There is no sugar-coating the final scoreline. No way to brush it off as harsh. Arsenal beat Everton 5-2 on Sunday with its most complete 90-minute performance of the season, and if anything, the three-goal margin was kind to the defeated and deflated hosts.
Arsenal ran circles around Everton at Goodison Park, and recovered from an early mistake to claim the three points it deserved in emphatic fashion. Nacho Monreal canceled out Wayne Rooney’s opener in the first half, and Mesut Ozil effectively won the match with a leaping header early in the second.
Alexandre Lacazette put the game to bed with just over 15 minutes to go after Everton’s Idrissa Gana had been sent off for a second yellow card. His yellows were another offshoot of Arsenal’s excellence. The Toffees couldn’t touch it. Aaron Ramsey extended the lead to 4-1 late on. Alexis Sanchez got his goal in stoppage time.
It was fitting that all four of Sanchez, Ozil, Lacazette and Ramsey wrote their names on the scoresheet, because it was those four who bamboozled Everton with their movement. They flummoxed the beleaguered hosts with their crisp passing and collective understanding. The 90 minutes were easily the best of their season.
The opening 10 minutes might have been Arsenal’s best 10 of the season too. Ozil played Ramsey in after just three minutes, but the Welshman placed his shot wide of Jordan Pickford’s far post. Pickford then smothered Lacazette’s close-range attempt after some fantastic Arsenal buildup play.
On 11 minutes, with the Gunners still well on top, Everton provided a soccer dictionary definition for “against the run of play.” Arsenal tried to play out of the back, but Granit Xhaka dallied on the ball in his own defensive third. His touch when facing his own goal was heavy, and he was overrun by Gana.
Gana won the ball to Rooney, who picked his head up, picked out the top corner, and struck a shot reminiscent of his famous goal against Arsenal at the same end of Goodison Park 15 years ago.
But Rooney’s moment was a first-half outlier. Arsenal enjoyed two-thirds of possession, and managed an incredible 17 shots, and nine shots on target. No other Premier League away side has managed more than five on target in a first half this season.
Xhaka played almost as a single-pivot in midfield in front of Arsenal’s back three. Ramsey had free reign to explode forward and join the attack. The wing-backs, and especially Hector Bellerin, did too. Everton center backs Ashley Williams and Phil Jagielka seemed overwhelmed by the constant flow of attacks.
Those attacks didn’t yield anything meaningful for almost 40 minutes. But in that 40th minute, the Toffees were slow to react to a rebound, and Monreal beat Pickford:
Ronald Koeman reconfigured his team at halftime, as he’s often had to do this season. Everton has been desperately poor. On most days, poor is a synonym for dull. On Sunday, it meant something much worse. The Toffees were cut to pieces straight from the opening whistle, and now find themselves in the relegation zone after nine matches.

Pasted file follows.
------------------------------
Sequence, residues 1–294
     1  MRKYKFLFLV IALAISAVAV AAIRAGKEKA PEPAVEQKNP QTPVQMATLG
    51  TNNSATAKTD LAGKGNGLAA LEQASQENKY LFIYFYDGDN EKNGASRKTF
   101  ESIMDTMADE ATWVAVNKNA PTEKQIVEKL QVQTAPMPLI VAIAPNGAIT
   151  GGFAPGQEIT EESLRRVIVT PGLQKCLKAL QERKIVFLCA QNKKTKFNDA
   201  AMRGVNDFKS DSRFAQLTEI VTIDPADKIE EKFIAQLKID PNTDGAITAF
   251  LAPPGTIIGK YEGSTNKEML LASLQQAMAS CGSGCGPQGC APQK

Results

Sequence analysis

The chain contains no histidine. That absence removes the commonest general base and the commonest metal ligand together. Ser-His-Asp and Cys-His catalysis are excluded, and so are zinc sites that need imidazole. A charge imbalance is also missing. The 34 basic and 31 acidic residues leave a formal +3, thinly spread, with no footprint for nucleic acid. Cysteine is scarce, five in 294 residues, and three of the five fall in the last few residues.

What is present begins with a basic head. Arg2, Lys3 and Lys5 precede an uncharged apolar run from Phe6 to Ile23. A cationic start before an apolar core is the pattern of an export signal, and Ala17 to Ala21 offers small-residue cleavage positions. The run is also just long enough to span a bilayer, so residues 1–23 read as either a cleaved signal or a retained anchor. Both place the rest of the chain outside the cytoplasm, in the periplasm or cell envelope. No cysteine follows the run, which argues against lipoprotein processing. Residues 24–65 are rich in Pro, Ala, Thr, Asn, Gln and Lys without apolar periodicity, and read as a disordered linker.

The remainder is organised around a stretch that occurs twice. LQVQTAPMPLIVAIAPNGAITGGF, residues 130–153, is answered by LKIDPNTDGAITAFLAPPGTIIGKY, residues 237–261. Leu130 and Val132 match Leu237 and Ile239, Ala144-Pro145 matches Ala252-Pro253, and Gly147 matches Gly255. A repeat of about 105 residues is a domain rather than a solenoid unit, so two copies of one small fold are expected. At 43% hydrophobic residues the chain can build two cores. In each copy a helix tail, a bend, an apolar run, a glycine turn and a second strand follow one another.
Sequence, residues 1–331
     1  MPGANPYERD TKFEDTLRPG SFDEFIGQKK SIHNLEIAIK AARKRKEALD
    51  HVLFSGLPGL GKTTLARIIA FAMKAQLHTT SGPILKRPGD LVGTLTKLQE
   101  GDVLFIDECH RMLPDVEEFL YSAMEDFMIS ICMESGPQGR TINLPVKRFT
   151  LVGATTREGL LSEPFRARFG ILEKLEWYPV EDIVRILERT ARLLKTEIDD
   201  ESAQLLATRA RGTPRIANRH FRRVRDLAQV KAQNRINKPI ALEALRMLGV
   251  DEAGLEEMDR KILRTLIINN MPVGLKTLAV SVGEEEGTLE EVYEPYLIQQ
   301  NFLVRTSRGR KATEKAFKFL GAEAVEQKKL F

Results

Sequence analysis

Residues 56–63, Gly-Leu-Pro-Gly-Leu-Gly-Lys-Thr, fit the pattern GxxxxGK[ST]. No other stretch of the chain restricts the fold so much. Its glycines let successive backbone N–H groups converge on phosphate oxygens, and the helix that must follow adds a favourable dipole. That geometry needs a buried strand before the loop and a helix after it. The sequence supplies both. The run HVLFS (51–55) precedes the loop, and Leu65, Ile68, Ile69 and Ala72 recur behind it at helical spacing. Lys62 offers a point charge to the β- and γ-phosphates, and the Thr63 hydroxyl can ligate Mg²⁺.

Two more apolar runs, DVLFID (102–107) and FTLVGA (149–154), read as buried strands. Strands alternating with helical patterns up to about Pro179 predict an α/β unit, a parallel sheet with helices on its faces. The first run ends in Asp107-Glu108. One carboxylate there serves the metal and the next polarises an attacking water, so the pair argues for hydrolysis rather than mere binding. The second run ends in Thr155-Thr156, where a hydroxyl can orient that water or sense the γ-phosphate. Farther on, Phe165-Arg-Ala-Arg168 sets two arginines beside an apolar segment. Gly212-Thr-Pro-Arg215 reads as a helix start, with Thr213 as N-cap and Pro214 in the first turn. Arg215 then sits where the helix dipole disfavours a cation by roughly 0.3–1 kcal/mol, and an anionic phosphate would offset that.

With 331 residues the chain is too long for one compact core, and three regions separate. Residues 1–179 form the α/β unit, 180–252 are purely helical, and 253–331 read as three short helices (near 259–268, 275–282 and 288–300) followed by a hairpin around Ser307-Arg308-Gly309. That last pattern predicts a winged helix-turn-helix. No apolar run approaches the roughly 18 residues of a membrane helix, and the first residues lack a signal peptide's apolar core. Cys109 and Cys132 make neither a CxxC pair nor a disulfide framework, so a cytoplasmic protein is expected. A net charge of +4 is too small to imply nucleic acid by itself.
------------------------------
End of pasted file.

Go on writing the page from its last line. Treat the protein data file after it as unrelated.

Koeman’s substitution didn’t help. He replaced Williams, who had been booked in the first half, with Tom Davies. He moved to a back four. Everton was slightly better for 15 minutes out of the dressing room. But not much.
The hosts were still inexcusably open, and Sanchez crossed to Ozil to give Arsenal a deserved lead. Gana picked up his second yellow 15 minutes later, and gave his teammates the cruel punishment of having to contain this rampant Gunners team for the remainder of the game while at a numerical disadvantage.
On the third goal, Lacazette might as well have had the whole penalty box to himself, and easily beat Pickford:
Ramsey was provided with a near-replica of his first-half chance, and this time he made no mistake for the fourth:
Another Arsenal error allowed Oumar Niasse to make it 4-2. Petr Cech, similar to Xhaka earlier, dawdled on the ball in his own penalty area, and the Everton striker stripped it off him.
But Sanchez showed no mercy as the Goodison clocked ticked down and as its stands emptied. He bagged Arsenal’s fifth, and completed the rout.
After last week’s late loss at Watford, Arsene Wenger needed a response from his players and he got just that.
Koeman, on the other hand, got anything but. His team is tactically fractured, structurally flawed, and as a result, Koeman’s seat is hot. Arsenal’s relentlessness stoked the fire that has been burning underneath it.
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Henry Bushnell covers soccer – the U.S. national teams, the Premier League, and much, much more – for FC Yahoo and Yahoo Sports. Have a tip? Question? Comment? Email him at email@example.com or follow him on Twitter @HenryBushnell.